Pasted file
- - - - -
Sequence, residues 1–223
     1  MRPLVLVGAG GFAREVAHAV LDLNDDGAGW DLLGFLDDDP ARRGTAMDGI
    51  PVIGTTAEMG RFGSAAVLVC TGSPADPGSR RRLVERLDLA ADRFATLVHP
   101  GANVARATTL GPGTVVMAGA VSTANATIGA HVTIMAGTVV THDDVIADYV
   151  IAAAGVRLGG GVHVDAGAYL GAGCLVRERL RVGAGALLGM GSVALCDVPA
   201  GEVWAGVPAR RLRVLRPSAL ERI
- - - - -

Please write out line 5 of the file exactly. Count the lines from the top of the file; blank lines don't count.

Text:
   151  IAAAGVRLGG GVHVDAGAYL GAGCLVRERL RVGAGALLGM GSVALCDVPA